Posted in: Finance
Carry on banking!
By Rob Downes - 14 June 2013
Infamy, infamy, they've all got it in for me – no doubt the thoughts of many a banker up and down the country recently – Stephen Hester among them.
But well they might have a bad reputation. Having caused untold damage to the UK small business scene thanks to their finance-thrifty ways, our latest member research suggests small firms are now feeling the pinch from high bank charges.
You know the ones: the missed payment date, the returned standing order, the one for going slightly over your agreed overdraft limit - they tend to mount up pretty quickly. Especially when money’s tight, you know, when your bank’s just lowered your overdraft limit, or called it in completely. The same bank who won’t give you a loan you desperately need for something important to your business.
We polled our members on attitudes to banks in several key areas, with ratings from one to five. One being no issue, to five being seriously damaging, with anything over 3 classed as harmful to their business.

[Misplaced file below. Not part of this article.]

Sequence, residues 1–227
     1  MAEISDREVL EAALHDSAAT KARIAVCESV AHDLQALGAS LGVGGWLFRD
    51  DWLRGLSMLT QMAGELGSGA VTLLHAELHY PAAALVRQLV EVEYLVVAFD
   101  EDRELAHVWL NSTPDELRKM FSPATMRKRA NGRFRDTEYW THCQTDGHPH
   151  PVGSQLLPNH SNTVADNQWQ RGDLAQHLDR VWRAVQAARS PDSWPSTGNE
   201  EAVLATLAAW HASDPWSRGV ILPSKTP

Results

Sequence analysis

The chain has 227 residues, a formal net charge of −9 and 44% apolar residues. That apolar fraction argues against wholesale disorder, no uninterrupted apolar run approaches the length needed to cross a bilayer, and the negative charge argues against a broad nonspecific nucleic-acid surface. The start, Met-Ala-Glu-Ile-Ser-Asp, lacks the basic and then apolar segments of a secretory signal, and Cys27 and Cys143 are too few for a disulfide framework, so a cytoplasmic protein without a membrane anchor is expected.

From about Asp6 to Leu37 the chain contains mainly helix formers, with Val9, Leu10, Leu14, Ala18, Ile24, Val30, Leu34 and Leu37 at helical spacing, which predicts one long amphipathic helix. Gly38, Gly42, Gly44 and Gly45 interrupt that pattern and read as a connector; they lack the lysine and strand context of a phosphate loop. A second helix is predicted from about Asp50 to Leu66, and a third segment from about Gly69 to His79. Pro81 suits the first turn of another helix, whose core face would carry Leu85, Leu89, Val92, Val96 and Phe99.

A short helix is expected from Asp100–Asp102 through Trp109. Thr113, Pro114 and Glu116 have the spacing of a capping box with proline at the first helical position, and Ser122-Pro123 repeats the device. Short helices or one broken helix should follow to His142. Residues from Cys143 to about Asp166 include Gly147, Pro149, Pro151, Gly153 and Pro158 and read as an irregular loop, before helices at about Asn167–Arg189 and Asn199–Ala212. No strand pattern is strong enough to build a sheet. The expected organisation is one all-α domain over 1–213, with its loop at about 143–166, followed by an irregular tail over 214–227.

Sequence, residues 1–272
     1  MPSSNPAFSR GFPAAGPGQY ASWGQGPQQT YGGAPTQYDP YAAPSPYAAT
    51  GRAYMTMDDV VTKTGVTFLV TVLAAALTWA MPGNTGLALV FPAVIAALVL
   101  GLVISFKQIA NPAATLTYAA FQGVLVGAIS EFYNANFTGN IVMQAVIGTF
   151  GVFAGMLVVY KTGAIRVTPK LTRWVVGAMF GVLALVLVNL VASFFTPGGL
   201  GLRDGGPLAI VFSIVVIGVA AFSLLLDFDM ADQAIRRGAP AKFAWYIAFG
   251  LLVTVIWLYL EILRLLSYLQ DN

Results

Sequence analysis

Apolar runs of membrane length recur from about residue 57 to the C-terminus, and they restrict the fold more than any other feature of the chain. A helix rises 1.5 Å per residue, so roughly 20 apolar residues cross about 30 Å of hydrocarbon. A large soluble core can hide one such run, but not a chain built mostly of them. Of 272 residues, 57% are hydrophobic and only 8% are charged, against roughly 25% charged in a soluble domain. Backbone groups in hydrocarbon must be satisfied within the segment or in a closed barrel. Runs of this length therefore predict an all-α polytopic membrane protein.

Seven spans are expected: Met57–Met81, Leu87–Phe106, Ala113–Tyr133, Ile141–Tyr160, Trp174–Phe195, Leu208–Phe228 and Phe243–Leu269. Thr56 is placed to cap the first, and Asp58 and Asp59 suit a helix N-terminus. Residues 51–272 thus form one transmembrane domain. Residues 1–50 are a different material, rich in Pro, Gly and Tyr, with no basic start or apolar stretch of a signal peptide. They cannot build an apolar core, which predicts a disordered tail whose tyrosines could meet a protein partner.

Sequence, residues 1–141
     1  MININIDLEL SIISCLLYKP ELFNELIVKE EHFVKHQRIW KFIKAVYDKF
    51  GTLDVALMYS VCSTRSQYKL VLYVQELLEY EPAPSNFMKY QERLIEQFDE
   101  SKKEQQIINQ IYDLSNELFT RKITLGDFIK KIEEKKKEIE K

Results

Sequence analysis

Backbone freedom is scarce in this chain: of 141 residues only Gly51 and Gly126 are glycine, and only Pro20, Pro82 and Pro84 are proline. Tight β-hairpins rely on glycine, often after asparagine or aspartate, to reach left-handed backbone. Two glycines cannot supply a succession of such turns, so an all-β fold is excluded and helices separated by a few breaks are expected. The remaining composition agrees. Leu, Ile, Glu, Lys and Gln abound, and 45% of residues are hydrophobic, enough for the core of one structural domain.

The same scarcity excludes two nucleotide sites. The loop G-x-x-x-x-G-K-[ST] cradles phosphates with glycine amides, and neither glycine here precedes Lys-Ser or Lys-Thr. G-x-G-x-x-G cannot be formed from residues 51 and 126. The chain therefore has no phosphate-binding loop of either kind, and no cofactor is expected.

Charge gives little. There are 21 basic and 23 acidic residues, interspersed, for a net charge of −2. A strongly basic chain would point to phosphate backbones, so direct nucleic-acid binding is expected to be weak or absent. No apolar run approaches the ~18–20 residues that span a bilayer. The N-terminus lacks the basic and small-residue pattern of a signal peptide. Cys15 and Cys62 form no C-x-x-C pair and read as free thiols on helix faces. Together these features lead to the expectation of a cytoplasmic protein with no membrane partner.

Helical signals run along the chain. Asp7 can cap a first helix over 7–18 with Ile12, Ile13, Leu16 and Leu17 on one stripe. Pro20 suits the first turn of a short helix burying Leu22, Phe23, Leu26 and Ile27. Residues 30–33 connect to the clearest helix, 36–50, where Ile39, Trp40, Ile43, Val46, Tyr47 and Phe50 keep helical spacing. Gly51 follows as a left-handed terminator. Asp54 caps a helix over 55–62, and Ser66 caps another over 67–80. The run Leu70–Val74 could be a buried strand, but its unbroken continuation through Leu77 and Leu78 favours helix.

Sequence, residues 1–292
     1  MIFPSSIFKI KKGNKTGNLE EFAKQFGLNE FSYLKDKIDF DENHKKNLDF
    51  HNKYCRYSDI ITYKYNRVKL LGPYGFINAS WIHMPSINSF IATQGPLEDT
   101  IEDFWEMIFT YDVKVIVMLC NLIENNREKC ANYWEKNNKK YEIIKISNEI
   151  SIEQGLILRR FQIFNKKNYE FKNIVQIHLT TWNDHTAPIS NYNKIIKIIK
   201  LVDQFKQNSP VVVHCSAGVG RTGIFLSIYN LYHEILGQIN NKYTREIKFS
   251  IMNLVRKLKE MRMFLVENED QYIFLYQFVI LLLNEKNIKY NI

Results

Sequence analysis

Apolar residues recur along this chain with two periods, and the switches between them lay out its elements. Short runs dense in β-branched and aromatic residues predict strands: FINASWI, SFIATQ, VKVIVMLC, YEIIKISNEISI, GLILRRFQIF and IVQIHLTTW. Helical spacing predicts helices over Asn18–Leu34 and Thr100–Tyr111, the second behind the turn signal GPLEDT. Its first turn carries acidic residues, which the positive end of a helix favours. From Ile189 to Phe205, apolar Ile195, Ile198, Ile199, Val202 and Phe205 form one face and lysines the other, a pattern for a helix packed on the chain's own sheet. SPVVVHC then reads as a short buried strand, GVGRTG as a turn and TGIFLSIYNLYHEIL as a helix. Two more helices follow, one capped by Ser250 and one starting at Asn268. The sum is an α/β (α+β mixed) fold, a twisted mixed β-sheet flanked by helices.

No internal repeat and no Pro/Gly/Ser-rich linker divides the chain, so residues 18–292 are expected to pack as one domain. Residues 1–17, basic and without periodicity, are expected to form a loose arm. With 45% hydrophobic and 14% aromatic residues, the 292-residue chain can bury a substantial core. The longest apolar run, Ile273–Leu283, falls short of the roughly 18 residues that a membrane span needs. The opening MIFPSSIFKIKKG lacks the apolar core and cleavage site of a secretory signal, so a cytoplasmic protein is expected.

Bank charges scored the highest here with an average rating of 3.6 – up from 3.23 on identical research we did in pre-crash 2006. Likewise, collateral requirements – that is loan security – averaged 3.2, up from 2.88; and reduction or calling in of loan/overdraft was up from 3.16 to 3.5.
Perhaps not surprisingly the availability of finance saw the biggest leap, going up from 2.43 to 3.3 – another indicator that bank lending or lack of it is harmful. In not one of the indicators did the banks improve – that’s pretty poor by anyone’s measure.
While everybody knows the banks are still shy to lend, this research also reveals a palpable fear among business owners that their credit could be withdrawn. If a business overdraft is withdrawn or reduced, it’s the removal of a safety net which then exposes the business to charges if they run in to unexpected cash flow issues at a later date.
Do you see where I’m going with this?
It’s common knowledge that the banks are looking to repair their balance sheets and a cynic might say this is one way of achieving that. Because the banks aren’t making huge revenue on loan products, could it be the banks have engineered a situation able to make up the shortfall?
It’s impossible to say, but we know the banks will do whatever necessary to protect themselves, and with EU legislation protecting consumers from excessive bank charges, maybe businesses have ended up in their sights? Maybe it should be the small business owner quoting classic Carry On.